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Ontario Premier Kathleen Wynne acknowledges supporters in Toronto on June 12. (Darren Calabrese/THE CANADIAN PRESS)
Ontario Premier Kathleen Wynne acknowledges supporters in Toronto on June 12. (Darren Calabrese/THE CANADIAN PRESS)

Backroom strategies and scrambles in the Ontario election Add to ...

Liberal sources, however, say the debate was not as bad for them as it was generally perceived. A focus group set up to provide instantaneous reaction, for instance, constantly twisted their dials negative whenever Mr. Hudak began speaking, they said, but gave Ms. Wynne high marks.

Then, the OPP bombshell dropped and the Liberals seemed in jeopardy. As the clock ticked down, Ms. Wynne made her final mad dash.


Early on election day, things looked good to Mr. Robertson. Initial updates from party scrutineers at the polling stations showed strong voter turnout in Tory-friendly areas. As the day wore on, however, he noticed another trend: A lot of people in Liberal strongholds were also coming to vote.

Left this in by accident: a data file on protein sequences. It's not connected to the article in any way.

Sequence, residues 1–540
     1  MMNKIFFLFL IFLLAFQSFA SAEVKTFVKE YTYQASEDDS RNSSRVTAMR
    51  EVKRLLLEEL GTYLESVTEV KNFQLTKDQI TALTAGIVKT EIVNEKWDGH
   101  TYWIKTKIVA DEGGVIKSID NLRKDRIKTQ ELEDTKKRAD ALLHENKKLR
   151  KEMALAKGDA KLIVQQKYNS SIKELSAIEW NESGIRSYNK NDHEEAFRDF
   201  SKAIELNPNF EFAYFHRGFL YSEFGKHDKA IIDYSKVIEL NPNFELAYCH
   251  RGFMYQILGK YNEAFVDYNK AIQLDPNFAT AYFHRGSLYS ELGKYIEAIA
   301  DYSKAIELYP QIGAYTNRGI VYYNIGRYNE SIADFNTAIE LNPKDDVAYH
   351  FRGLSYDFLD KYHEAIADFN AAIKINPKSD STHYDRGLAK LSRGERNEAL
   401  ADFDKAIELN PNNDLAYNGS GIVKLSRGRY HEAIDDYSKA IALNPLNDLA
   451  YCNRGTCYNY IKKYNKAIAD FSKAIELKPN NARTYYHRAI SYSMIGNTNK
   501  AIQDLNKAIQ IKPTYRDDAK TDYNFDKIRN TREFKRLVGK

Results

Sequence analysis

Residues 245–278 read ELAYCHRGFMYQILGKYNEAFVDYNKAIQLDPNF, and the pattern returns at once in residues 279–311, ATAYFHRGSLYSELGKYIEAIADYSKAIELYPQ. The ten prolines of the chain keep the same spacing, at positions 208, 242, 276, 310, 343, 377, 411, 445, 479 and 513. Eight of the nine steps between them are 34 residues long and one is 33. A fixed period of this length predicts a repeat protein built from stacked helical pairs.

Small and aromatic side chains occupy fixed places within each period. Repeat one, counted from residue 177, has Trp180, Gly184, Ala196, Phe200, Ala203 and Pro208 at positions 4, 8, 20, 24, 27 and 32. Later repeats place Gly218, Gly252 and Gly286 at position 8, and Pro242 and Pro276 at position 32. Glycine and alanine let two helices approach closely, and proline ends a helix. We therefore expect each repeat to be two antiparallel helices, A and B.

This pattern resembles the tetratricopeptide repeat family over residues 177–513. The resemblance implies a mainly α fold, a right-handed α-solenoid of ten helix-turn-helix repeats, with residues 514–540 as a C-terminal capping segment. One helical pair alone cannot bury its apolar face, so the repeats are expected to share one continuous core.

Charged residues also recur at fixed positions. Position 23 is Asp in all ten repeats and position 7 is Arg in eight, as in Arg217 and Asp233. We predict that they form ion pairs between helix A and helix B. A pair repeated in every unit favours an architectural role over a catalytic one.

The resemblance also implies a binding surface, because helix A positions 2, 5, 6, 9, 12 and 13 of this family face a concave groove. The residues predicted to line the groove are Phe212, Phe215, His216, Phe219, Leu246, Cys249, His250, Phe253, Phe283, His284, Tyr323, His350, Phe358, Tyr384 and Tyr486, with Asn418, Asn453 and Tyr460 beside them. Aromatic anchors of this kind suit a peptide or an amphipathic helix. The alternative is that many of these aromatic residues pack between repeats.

“Our people were turning out,” he said. “But the Liberals and unions were being very successful in turning out even more of their people.”

That sealed Ms. Wynne’s victory. In trying to motivate his base with unabashedly right-wing policies, Mr. Hudak has inadvertently motivated the Liberals’ significantly more.

As her supporters filled an underground ballroom at the Sheraton Hotel in downtown Toronto, Ms. Wynne watched the results upstairs with her parents, children and three small grandchildren.

“In an election that close, it would have been impossible for me to know. It was going to depend on who came out to vote,” she said.

Partway through the count, she walked down the hall to a conference room where her staff had gathered. She was nervous, a source in the room said, reluctant to believe how well things were going. When it was finally clear she had won, campaign co-chair Tim Murphy and Elly Alboim, who worked with Ms. Wynne for over a year on debate preparation, turned to her to offer congratulations: “You’re the premier,” they said.

In the end, it wasn’t even close. The Liberals beat the Tories by more than 7 per cent of the popular vote, winning 58 of 107 seats.

For all the strategizing and organizational work – not to mention Mr. Hudak’s polarizing pledge – Mr. Herle contends one person deserves ultimate credit for that result. “We won because of Kathleen Wynne. That’s fundamentally what I believe to be true,” he said. “She’s a strong, ambitious person.”

Around 11 p.m., Ms. Wynne entered the ballroom amid a crush of supporters. As she stood at the podium, their cheers drowned her out.

“Whoa!” she said. “We did this.”

With a report from Adam Radwanski

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